Thomas P. Loughran, M.D., Director
Dr. Loughran was appointed Penn State Hershey Cancer Institute's (PSHCI) first Director in July 2003 and continues in that role. He holds a primary academic appointment as Professor in the Department of Medicine. As Cancer Institute Director, he leads the scientific, clinical, and operational aspects of the Cancer Institute, having authority to set policy, hire personnel, and assign space.
Dr. Loughran received training at the Fred Hutchinson Cancer Center and served on that faculty for many years. He subsequently led a major program at the Moffitt Cancer Center, from which he was recruited to his current position. Dr. Loughran is an internationally recognized physician-scientist with 231 publications to his credit and has an excellent track record of funding, with continuous federal funding for the past 27 years. Early in his career Dr. Loughran was instrumental in discovering a new hematologic malignancy, which he termed LGL leukemia. His career path is a testament to translational research--with his clinical observations leading to discoveries in his laboratory and his laboratory research contributing to improved clinical treatments. Dr. Loughran currently holds three R01 grants, including the award of a prestigious NIH Director's Provocative Question grant.
As the Cancer Institute Director, Dr. Loughran has full responsibility and authority for assigning both clinical and laboratory space in the Cancer Institute building. Dr. Loughran also has primary responsibility for setting strategic goals for the Cancer Institute. A five-year strategic plan has been implemented under his direction. The Cancer Institute Director also has important responsibilities throughout the College of Medicine and Penn State Hershey Medical Center. This role is significant because of the matrix nature of the Cancer Institute. Dr. Loughran participates as a Member on the following Institutional Leadership Councils: Clinical Chairs, Basic Science Chairs, and Medical Staff Executive Committee; Dean's executive Council and the Board of Governors of the Penn State Hershey Medical Group. Dr. Loughran also participates in the clinical activities of the Cancer Institute as a hematologist/ medical oncologist in the leukemia and lymphoma disease team.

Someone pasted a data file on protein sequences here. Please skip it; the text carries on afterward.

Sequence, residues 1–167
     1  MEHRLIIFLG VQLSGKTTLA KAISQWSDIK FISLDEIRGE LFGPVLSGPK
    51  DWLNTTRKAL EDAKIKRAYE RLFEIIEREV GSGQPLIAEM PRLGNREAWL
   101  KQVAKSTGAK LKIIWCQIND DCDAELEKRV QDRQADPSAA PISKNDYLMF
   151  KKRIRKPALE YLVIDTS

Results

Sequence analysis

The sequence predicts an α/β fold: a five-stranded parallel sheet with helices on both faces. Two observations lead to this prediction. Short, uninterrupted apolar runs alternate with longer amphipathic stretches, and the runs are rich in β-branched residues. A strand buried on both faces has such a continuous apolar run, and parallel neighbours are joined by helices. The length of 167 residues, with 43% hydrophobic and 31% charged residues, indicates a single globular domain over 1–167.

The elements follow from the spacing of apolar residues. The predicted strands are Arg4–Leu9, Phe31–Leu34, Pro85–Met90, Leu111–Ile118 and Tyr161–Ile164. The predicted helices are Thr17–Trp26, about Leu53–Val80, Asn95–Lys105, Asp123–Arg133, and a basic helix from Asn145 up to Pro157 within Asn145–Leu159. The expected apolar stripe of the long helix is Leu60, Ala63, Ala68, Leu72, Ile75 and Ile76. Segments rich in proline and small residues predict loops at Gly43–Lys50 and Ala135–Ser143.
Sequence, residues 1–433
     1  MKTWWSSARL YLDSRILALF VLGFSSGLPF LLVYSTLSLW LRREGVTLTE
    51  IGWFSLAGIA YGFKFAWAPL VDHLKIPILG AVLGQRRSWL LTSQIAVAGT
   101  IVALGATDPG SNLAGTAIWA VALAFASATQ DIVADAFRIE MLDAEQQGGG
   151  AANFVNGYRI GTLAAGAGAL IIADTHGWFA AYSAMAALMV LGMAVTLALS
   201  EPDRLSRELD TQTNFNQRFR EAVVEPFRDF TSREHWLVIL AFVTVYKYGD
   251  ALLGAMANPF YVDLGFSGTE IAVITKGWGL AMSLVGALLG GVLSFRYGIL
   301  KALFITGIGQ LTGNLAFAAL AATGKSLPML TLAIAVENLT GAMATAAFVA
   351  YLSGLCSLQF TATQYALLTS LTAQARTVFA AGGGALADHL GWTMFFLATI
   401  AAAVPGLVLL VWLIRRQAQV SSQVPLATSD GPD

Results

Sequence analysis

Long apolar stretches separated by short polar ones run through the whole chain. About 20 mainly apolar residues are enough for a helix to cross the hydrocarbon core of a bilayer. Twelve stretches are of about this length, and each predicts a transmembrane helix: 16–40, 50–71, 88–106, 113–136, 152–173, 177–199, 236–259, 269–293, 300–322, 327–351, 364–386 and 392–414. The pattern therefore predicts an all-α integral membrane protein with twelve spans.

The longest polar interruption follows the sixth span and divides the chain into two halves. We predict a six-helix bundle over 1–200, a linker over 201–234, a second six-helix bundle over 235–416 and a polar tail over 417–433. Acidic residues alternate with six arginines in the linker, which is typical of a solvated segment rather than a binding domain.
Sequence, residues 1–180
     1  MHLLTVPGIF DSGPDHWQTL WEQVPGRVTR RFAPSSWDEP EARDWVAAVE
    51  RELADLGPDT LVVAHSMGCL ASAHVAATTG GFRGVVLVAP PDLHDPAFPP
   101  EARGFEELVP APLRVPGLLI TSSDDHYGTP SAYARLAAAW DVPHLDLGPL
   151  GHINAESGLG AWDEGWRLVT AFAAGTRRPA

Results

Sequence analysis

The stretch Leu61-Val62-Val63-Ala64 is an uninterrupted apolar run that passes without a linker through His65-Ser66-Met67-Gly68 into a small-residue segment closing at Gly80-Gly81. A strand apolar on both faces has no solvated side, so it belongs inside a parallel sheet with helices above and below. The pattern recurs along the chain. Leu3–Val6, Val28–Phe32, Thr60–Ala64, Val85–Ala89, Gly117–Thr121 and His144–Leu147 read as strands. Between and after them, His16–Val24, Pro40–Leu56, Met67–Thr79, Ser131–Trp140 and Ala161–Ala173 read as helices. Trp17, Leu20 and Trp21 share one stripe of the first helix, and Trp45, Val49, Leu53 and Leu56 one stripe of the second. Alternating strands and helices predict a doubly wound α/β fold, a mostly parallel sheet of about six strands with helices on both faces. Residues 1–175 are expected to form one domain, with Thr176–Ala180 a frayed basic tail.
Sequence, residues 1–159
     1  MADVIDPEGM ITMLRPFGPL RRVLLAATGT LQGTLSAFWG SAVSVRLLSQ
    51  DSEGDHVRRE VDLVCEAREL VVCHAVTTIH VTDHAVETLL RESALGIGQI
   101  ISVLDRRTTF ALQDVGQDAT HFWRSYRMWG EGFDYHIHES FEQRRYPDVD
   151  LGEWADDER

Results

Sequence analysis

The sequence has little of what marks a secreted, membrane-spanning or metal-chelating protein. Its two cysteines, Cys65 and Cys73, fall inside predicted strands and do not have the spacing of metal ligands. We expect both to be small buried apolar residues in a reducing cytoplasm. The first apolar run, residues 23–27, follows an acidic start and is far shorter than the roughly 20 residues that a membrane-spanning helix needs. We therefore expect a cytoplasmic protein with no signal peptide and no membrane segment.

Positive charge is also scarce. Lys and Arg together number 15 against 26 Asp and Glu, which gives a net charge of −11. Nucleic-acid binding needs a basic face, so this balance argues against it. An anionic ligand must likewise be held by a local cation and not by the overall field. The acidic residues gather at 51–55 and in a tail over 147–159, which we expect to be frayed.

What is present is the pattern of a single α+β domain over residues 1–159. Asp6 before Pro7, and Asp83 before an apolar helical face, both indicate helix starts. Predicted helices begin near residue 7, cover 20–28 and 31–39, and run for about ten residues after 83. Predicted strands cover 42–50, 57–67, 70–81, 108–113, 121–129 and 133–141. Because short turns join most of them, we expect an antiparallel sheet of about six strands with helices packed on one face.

Dr. Loughran's leadership has resulted in considerable progress in PSHCI development since his appointment in July 2003. Dr. Loughran has been able to secure over $247 million in institutional commitment for PSHCI. Importantly, there is an annual ongoing commitment from the College of Medicine and Hershey Medical Center totaling approximately $5.8 million. The new PSHCI facility which opened in 2009 represented a $153 million dollar investment. Dr. Loughran selected the External Advisory Board team whose advice has been instrumental in fostering PSHCI development. Dr. Loughran has been responsible for securing institutional support and then implementing EAB recommendations. Highlights include improvement in organizational capabilities including upgrading of information technology, implementation of a well-designed and functional infrastructure for clinical trials, improvements in management of Shared Resources, and Senior Leadership recruitment.
Dr. Loughran has been effective in recruitment, particularly in assembling a distinguished Senior Leadership team. All of the Senior Leaders (Drs. Belani, El-Bayoumy, El-Deiry, and O'Leary) were recruited externally from NCI-designated centers.
Chandra P. Belani, M.D., Deputy Director